What’s a question you haven’t been asked yet, but wish you were asked (as well as the answer to that question)?
No one ever asks me to talk about the romance The Keeper of Night, and people tend to make a lot of (often incorrect) assumptions about my intentions in writing such a strange relationship. Without getting too spoiler-y, I’ll say that I love writing about how powerful yet destructive love can be. In this case, how you can think you love someone but really only love the idea of them, what they represent, what they can do for you, rather than respecting them as a complex person.
Besides your work, what are some things you would want readers to know about you?
This is just a different field of my work, but most people don’t know I work in archives and am incredibly nerdy about archival preservation. I love taking care of historical items and making them accessible to a broader audience than just academics.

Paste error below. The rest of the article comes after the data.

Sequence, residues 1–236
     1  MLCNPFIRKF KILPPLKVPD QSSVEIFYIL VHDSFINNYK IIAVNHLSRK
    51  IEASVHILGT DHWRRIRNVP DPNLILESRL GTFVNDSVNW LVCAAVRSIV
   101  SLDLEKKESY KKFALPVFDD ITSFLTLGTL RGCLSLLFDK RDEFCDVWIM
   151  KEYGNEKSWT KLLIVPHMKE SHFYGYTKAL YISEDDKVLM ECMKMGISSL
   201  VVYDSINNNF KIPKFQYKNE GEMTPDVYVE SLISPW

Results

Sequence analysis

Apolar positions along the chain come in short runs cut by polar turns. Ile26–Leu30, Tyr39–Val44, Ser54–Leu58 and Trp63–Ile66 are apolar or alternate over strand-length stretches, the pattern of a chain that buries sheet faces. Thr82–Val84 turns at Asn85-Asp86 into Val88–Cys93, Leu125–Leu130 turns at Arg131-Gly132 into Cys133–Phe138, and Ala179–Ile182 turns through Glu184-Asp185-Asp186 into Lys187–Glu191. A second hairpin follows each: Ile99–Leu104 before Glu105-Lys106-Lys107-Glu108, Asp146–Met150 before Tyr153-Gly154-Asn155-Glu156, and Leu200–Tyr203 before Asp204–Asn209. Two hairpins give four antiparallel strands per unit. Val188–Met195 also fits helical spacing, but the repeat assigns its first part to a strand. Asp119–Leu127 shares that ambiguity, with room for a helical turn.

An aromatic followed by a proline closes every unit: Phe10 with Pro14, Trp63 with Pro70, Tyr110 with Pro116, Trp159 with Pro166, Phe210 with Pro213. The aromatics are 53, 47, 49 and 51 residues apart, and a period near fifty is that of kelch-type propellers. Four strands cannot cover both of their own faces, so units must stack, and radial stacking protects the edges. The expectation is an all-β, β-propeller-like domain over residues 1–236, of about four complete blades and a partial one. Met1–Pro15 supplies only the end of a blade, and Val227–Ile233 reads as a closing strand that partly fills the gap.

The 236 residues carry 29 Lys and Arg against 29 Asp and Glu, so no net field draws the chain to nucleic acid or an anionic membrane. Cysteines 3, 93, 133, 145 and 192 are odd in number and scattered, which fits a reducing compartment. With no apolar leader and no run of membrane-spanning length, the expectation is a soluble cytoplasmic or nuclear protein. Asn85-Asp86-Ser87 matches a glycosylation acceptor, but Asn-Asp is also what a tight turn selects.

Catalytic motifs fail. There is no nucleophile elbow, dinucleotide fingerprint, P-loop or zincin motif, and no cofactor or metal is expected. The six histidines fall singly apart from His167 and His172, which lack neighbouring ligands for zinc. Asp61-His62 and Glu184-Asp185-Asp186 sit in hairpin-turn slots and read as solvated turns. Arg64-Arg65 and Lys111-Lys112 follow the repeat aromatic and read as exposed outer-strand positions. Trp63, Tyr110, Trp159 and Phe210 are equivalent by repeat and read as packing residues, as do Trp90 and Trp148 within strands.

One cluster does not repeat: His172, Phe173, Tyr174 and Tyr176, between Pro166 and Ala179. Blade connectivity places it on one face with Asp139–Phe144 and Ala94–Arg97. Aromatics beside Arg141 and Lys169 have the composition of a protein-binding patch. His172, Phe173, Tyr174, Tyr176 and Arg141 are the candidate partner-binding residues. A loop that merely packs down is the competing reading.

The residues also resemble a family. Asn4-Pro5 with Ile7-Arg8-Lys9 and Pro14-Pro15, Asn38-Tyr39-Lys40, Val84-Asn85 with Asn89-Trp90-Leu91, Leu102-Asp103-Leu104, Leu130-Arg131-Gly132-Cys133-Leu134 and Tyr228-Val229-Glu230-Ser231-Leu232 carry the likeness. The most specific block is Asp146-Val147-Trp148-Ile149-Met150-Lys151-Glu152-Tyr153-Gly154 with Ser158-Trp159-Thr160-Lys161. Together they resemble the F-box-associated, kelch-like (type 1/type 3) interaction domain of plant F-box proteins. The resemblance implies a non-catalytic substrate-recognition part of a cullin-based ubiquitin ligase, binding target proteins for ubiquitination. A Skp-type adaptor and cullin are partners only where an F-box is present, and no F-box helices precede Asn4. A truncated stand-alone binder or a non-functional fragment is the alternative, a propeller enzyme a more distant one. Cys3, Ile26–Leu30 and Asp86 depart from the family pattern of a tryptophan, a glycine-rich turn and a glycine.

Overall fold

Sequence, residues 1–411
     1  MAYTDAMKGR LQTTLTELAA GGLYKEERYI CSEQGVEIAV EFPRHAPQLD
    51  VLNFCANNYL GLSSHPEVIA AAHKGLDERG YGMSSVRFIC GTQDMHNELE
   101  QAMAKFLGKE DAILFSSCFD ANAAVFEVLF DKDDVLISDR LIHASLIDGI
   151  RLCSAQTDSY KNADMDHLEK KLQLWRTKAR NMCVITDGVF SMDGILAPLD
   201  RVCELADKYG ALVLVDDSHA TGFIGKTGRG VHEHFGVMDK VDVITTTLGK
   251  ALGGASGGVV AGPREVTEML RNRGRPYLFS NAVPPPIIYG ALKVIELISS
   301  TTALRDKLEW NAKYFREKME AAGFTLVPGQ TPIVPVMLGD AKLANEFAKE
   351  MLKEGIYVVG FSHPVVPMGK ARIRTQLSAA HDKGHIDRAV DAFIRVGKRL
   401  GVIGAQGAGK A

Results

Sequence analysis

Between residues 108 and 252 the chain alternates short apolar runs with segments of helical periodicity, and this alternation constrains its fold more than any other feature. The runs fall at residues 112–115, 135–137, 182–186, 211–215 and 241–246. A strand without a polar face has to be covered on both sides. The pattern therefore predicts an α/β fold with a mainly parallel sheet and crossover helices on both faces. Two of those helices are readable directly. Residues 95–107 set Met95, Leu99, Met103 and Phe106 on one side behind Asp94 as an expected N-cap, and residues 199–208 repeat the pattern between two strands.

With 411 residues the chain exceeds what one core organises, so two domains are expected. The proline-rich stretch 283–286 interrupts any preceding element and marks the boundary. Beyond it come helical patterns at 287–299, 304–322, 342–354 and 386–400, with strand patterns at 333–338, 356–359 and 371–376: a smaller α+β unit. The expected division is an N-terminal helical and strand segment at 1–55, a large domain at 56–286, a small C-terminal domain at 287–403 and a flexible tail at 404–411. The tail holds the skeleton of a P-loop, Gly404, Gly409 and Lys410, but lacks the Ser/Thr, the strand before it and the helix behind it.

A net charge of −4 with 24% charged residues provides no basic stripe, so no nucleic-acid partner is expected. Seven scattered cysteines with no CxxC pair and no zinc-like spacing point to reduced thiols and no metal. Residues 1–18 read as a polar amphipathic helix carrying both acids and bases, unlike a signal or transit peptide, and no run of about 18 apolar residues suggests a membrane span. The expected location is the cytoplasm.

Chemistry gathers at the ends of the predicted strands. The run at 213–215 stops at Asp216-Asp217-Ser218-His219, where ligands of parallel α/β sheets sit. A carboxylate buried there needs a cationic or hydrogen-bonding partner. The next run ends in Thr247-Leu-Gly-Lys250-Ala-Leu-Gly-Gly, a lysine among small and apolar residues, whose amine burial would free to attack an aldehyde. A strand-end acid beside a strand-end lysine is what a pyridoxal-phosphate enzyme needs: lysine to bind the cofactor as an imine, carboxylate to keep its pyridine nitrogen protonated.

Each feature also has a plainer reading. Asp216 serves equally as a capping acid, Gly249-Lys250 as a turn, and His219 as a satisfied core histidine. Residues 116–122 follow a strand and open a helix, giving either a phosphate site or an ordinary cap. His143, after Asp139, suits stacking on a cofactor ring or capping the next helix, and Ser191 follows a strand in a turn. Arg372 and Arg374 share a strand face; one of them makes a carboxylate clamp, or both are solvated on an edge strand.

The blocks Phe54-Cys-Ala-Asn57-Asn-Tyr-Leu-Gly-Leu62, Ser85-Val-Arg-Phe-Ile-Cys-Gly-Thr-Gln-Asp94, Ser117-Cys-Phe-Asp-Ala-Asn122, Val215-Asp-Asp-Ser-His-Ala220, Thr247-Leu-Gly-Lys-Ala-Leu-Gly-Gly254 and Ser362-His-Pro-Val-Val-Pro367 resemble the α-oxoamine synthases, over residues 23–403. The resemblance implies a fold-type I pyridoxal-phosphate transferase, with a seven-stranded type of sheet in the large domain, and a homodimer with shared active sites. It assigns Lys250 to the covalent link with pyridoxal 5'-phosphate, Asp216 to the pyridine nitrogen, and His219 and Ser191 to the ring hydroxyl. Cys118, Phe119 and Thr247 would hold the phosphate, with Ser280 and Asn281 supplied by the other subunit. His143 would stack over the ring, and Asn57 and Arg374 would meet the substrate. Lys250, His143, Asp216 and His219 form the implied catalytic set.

What advice might you give to other aspiring writers?
Consume lots of the books and media you love and try to put a finger on what about them moves you, then figure out how you can recreate that feeling in your own work.
Are there any other projects you are working on and at liberty to speak about?
The first book of my next fantasy duology, THE SCARLET ALCHEMIST, is coming out in Fall 2023. It’s about an orphaned alchemist in an alternate Tang Dynasty China where alchemists have unlocked the secret to eternal life, but only the rich are allowed to buy it. A biracial self-taught alchemist girl has the power to raise the dead, which captures the attention of the royal family and forces her into their inner circle, which is a very dangerous place to be.
Finally, what books/authors would you recommend to the readers of Geeks OUT?
There’s so many! Recently I absolutely loved reading Deep in Providence by Riss M. Neilson, Only a Monster by Vanessa Len, and Our Crooked Hearts by Melissa Albert.
Header Photo Credit Greg Samborski